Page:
Saturday, April 11, 2009

Brain lock

Okay, this is the last post (at least for a while) about the brain. This one is about brain lock, or obsessive-compulsive disorder (OCD). The chapter I've just finished is called "Brain Lock Unlocked" in the book, The Brain That Changes Itself by Norman Doidge (2007).

Many of my skydiving friends will recognize the phrase "brain lock" because it is often used to explain what sometimes happens to us in freefall when we cannot remember what we are supposed to do next. It also is used to describe the brain process that doesn't allow us to move on to the next thing, such as continuous hand washing, or as Doidge says, doesn't allow us to turn our mental page. This is what happens: you make a mistake (or get exposed to germs), and you get a nagging sense that something is wrong, and then you get anxious about it and try to correct the mistake. When you have corrected the mistake, your brain moves onto the next thought or activity, and the mistaken feeling and the anxiety disappear.

But in OCD, even though you have corrected the mistake (washed the germs off your hands, for instance), the anxiety doesn't stop, so part of the brain mechanism stays in the "on" position and you get brain lock. I distinctly remember (with a good deal of embarrassment) a skydive where I was supposed to take a particular position after the initial formation, and I could not remember what it was, although we had rehearsed the skydive numerous times on the ground. Two of the people on the skydive helpfully tried to point to my position, but I was at a total loss, and we could not complete the formation. On the ground, afterwards, we discussed what had happened, but it was definitely brain lock and nothing could move my mind past that spot.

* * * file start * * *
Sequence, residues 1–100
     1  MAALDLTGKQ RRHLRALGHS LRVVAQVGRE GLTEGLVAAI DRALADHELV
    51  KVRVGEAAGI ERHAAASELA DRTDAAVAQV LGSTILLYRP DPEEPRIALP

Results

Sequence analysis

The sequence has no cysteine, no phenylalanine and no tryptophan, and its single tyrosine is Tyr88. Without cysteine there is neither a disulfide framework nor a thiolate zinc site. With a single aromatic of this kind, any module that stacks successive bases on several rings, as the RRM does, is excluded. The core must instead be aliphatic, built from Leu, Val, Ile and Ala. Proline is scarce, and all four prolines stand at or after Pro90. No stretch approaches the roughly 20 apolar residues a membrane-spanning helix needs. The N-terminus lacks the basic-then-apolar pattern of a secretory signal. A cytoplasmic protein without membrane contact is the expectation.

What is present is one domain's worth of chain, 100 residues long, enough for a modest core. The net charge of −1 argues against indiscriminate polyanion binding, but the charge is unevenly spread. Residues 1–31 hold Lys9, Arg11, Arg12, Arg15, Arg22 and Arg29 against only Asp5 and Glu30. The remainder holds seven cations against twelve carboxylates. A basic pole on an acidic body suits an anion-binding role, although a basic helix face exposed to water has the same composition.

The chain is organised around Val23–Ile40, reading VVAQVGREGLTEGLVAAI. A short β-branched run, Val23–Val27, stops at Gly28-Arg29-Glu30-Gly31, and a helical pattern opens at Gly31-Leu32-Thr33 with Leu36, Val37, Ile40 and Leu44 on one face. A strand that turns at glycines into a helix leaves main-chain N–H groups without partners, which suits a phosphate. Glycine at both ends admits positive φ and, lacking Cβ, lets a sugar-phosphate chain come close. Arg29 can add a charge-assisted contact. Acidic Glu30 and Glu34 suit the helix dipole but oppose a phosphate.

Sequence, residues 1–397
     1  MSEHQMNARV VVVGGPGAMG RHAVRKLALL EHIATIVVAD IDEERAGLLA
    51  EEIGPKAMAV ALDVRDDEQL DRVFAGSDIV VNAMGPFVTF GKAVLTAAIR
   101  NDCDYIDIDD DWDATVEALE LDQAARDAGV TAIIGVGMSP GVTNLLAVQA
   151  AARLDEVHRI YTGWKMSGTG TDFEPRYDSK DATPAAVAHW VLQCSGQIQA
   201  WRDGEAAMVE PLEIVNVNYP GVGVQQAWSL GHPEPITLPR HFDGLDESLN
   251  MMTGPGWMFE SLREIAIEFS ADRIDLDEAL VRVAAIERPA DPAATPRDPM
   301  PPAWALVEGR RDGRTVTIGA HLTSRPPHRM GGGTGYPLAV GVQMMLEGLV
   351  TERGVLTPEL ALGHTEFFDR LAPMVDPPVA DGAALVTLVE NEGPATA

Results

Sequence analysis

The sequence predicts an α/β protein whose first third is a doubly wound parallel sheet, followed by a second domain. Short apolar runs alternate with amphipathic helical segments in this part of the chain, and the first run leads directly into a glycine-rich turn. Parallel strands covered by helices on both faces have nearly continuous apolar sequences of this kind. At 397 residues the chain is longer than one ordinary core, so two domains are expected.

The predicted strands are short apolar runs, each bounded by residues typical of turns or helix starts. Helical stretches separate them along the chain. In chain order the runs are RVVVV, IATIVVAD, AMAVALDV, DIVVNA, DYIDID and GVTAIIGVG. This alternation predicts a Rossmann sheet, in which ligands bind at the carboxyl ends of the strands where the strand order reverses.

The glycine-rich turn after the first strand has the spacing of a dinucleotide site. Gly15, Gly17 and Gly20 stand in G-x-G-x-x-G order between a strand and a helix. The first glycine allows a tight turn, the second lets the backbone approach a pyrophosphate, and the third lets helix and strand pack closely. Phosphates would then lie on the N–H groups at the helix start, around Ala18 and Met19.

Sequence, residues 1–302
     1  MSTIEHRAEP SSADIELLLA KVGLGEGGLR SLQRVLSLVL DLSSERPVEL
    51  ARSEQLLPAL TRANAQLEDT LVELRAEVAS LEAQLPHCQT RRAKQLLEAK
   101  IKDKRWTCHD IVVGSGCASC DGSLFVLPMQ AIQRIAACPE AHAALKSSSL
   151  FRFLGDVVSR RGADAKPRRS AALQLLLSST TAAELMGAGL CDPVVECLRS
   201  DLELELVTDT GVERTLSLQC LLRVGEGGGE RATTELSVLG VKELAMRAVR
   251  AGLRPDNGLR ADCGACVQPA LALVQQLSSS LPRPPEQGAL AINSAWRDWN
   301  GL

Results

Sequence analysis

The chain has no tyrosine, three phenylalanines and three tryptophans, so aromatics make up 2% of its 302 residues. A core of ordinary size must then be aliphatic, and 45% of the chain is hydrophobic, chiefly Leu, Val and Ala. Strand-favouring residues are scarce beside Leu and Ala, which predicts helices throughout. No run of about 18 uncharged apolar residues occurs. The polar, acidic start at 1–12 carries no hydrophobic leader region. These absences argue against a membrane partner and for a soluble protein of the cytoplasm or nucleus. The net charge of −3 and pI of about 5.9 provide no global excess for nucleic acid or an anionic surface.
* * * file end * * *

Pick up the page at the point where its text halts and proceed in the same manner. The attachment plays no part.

The reason all this is so fascinating to me is that I and most of my siblings seem to have some form of OCD in our basic behavior. We all tend to be good at our jobs because we are detail oriented and scrupulous in our lives. Just take a look at the definition for the word:
scrupulous (of a person or process): diligent, thorough, and extremely attentive to details. Very concerned to avoid doing wrong.
Uh-huh. I recognize that, and I see it in every one of my siblings. I know that scrupulosity (isn't that a great word?) can become OCD if the brain becomes stuck in any part of the process. The good thing, and the reason I wanted to put all this down in the blog, is that now there is a recognized treatment for it. It's a four-step process, and works with great success if a person is motivated.

Psychiatrist Jeffrey Schwartz, author of Brain Lock: Free Yourself from Obsessive-Compulsive Behavior, offers the following four steps for dealing with OCD:

  1. RELABEL – Recognize that the intrusive obsessive thoughts and urges are the result of OCD.
  2. REATTRIBUTE – Realize that the intensity and intrusiveness of the thought or urge is caused by OCD; it is probably related to a biochemical imbalance in the brain.
  3. REFOCUS – Work around the OCD thoughts by focusing your attention on something else, at least for a few minutes: DO ANOTHER BEHAVIOR.
  4. REVALUE – Do not take the OCD thought at face value. It Is not significant in itself.

Source: Westwood Institute for Anxiety Disorders

The book I'm reading now is probably the last of these self-help books about the brain that I'll be reading for a while. Although it's all incredibly fascinating, I need to integrate and process what I've learned. I know my ability to reach saturation is very high, but then so much of it doesn't stick in my memory. And if I put the book down to come back to it later, I don't do that. I just move on, and one day I'll see the book with all those bookmarks sticking out of it, and maybe I'll pick it up, wondering why I ever put it down.

Ah yes, the plastic brain. My brother says he has a silly putty brain, not a plastic one. His status update on Facebook the other day: